ITALY: Jonathan Anderson to design for Versace's Versus
Italian fashion house Gianni Versace Spa has revealed that Jonathan Anderson will design a capsule collection for its diffusion line Versus.
The move will be the first of a series of collaborations, which are part of the recently announced strategic repositioning of the brand under Donatella Versace's creative leadership.
The range will include women's and men's ready-to-wear and accessories and will be launched in April in New York.
Jonathan Anderson launched the JW Anderson label in 2008 with men's wear, which was expanded to include women's wear several years later.
Earlier this month, the fashion house said it would part ways with creative director Christopher Kane and work with a pool of young designers.
The brand's new strategy will include collaborations with young designers, stylists and "creatives" on capsule collections, co-branding projects and limited edition pieces.
The brand will also move away from traditional catwalk shows, and will instead introduce new collections at special "presentation events," the first of which is planned for March/April 2013 in New York.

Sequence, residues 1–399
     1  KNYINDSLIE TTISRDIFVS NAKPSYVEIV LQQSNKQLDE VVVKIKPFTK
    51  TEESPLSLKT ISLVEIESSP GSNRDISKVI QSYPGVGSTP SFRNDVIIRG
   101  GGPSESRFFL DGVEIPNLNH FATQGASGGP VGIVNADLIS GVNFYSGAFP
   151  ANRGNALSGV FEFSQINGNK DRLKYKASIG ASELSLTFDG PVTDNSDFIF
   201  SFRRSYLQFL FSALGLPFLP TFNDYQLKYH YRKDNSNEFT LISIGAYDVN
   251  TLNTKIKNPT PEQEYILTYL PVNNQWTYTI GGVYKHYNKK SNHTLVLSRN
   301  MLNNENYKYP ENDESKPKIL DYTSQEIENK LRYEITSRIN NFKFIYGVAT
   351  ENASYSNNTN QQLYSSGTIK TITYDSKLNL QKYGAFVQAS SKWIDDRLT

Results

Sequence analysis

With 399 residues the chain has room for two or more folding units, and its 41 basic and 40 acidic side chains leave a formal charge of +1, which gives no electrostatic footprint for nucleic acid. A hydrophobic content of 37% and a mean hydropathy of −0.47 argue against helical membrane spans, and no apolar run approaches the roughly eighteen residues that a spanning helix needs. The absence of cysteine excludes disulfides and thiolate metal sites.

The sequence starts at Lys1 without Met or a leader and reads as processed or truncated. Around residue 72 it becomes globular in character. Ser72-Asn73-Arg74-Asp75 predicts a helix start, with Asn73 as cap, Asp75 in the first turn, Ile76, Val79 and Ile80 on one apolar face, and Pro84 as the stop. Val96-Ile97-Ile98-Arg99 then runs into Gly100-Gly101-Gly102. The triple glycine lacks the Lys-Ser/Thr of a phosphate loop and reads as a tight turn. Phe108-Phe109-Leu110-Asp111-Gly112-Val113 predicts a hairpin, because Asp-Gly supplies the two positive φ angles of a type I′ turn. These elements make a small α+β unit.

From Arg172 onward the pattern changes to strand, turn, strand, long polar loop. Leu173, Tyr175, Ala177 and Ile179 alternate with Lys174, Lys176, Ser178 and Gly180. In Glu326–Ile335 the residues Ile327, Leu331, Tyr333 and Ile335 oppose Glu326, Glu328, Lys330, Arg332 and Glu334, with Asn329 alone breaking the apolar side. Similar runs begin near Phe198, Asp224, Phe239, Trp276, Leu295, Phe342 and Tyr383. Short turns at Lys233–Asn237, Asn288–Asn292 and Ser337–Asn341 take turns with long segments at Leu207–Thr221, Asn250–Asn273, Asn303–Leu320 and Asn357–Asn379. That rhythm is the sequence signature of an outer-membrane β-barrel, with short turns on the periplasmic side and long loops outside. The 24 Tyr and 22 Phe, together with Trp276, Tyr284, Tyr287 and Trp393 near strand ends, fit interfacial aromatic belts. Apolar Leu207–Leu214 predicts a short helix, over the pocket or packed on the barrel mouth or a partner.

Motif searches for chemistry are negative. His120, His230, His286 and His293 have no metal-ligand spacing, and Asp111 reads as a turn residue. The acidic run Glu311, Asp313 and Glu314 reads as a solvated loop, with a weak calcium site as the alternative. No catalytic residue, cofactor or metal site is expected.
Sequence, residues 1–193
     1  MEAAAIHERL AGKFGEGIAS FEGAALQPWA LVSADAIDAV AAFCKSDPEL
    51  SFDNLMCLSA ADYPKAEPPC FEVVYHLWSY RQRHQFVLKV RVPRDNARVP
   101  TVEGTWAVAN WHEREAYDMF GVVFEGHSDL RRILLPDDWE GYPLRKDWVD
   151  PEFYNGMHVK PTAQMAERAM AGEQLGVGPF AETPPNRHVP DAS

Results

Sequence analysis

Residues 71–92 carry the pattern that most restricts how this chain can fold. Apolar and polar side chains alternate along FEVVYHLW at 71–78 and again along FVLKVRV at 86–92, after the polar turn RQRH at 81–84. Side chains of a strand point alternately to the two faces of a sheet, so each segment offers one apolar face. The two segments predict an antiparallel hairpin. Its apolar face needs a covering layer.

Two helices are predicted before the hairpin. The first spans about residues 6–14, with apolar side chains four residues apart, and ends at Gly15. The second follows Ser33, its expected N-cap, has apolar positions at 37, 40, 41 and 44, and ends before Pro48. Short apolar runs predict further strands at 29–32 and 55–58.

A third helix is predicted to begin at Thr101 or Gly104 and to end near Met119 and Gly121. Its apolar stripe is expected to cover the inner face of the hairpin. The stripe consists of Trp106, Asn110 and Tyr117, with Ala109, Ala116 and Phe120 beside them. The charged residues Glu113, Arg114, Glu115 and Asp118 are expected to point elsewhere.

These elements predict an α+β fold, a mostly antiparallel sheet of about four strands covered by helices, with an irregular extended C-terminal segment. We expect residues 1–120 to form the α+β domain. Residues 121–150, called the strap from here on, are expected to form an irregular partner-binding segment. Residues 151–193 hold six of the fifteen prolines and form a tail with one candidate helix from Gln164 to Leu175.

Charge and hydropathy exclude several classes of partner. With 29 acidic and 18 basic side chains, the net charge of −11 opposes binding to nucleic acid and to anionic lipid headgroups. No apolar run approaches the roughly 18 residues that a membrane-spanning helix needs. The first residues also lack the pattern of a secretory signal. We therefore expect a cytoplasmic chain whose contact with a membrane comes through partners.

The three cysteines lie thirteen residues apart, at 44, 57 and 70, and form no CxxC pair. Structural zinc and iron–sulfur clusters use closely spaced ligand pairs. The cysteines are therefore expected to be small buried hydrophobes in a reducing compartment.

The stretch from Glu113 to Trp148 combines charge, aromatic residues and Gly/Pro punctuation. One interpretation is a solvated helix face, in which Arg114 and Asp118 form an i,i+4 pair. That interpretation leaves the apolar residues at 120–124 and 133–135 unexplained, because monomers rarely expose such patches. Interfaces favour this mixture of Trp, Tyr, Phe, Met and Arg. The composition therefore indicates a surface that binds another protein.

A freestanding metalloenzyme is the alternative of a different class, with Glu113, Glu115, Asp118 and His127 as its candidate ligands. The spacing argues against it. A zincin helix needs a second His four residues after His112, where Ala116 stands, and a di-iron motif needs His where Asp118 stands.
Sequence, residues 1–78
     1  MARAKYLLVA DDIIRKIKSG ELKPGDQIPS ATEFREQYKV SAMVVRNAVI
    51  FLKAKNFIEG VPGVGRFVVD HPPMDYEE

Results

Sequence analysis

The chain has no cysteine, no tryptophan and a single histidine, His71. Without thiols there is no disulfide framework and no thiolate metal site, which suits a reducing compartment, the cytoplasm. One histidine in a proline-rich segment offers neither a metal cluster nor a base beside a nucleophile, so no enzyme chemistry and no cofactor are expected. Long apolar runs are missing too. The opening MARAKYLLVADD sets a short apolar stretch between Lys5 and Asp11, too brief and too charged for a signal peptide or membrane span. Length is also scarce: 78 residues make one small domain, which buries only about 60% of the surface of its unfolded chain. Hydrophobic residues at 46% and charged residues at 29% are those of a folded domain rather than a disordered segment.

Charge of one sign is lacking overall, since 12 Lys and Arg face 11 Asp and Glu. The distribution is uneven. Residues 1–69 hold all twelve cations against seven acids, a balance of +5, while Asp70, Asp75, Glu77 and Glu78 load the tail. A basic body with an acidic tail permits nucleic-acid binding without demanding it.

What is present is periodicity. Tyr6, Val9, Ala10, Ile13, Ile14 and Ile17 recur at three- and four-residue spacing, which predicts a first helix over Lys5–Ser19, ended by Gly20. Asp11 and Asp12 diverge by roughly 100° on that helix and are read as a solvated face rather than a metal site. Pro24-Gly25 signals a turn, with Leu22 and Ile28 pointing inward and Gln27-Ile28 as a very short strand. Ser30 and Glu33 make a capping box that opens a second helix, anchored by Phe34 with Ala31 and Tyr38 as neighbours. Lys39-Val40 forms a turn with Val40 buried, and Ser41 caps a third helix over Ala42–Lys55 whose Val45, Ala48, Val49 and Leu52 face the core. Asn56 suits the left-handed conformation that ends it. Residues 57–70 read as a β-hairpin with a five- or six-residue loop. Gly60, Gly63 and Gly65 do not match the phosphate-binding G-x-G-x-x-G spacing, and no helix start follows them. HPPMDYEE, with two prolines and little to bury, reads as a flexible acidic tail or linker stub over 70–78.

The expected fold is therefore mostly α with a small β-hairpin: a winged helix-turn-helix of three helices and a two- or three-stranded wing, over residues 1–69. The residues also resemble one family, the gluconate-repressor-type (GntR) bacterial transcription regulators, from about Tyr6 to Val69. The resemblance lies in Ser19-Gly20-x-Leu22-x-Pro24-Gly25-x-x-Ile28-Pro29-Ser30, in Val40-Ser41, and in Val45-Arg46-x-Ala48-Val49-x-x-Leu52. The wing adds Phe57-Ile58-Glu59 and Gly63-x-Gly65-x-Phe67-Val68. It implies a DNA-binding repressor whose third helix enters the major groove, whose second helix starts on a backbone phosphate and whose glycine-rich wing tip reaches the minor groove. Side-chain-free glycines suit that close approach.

Product development, production and distribution of the collections will also evolve to a non-seasonal schedule.
- Euro decline weighs on Turkish clothing industry
- G-Star RAW pushes the boundaries of denim
- Mexico makers see rise in exports and local demand
- VF Corp confirms interest in Africa sourcing
- Asian union development and the Western response
- UK retailers to answer over human trafficking
- LF Corp to streamline planning and sourcing
- Euratex raises rules of origin issues in TPP talks
- Clothing a top category for mass personalisation
- US upgrade paves way for Malaysia in TPP
- Ethiopia – the emerging textile and clothing industry
- Global Database of the Top 1000 Apparel Producers - Company Names, Financial Performance, and Contact Details
- Management briefing: Factory safety and auditing: The key challenges
- Global market review of workwear - forecasts to 2019
- Sustainable Textiles for Apparel: Fact, Fiction and Future Prospects